Mr Varadkar also rejected proposals now being examined which would mean anyone crossing the border would have to pre-register in order to avoid checks.
Vardakar urged senior cabinet figures to visit the border for a better understanding.
Speaking from the USA, where he is conducting a series of St Patrick's Day engagements, Varadkar said: "No, it is not a solution that we envisage".
Mr Hastings, who is Vice Chair of the North West Cross Border Group, said it was clear that the British Government had no idea of the real depth of the border challenge and how many areas of cooperation Brexit threatened to sever.
He said Northern Secretary Karen Bradley had already done so, as have a number of MPs and members of the House of Lords.
"As is always the case and this is true for any politicians or anyone in any walk of life you can read as many briefing documents as you like sometimes you need to see things with your own eyes, and I think for that reason, they would be very welcome to visit the border and see it for themselves".
Due to the sluggish process of exit negotiations, German companies increasingly expect a "hard" Brexit in which Britain leaves the single market and loses most of its now privileged access to the European Union internal market. Our preferred option is a deep and comprehensive agreement between the European Union and the United Kingdom in its entirety which will allow us to trade as we do now.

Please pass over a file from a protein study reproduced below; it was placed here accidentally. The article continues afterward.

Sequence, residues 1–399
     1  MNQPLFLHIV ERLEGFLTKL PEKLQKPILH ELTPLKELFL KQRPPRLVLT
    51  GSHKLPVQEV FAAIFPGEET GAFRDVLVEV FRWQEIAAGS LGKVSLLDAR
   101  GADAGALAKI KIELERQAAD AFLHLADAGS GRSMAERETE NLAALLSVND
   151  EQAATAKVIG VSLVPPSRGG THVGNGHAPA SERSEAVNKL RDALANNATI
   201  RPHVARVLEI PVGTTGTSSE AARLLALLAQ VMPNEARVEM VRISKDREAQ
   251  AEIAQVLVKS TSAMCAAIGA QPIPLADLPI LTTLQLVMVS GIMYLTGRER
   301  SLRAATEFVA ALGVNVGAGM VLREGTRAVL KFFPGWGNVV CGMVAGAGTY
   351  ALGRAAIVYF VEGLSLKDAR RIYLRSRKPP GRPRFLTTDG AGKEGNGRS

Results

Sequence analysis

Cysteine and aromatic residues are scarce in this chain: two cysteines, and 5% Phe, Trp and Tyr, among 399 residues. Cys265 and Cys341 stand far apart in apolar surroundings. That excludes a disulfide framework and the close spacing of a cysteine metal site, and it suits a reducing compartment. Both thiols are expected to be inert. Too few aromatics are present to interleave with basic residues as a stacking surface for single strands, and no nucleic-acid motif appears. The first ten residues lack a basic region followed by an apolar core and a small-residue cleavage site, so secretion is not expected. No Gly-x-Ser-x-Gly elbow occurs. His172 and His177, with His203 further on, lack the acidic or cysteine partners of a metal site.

Talks regarding the Irish border remain a critical issue in Brexit negotiations, where there is now no clear plan on how to avoid the customs and sanitary checks. Hain said that the proposal of pre-registering "would be risking immediate civil unrest".
Last week Mr Varadkar rejected a suggestion by British Prime Minister Theresa May that the customs arrangement between the United States and Canada was among possible models for the future arrangement in Ireland.
The British government wants to leave the customs union and has rejected a so-called "backstop" option put forward by the EU which would see Northern Ireland remain in the customs union if a comprehensive deal can't be agreed with the UK.
If border posts return to Northern Ireland they will be attacked, according to the Taoiseach.
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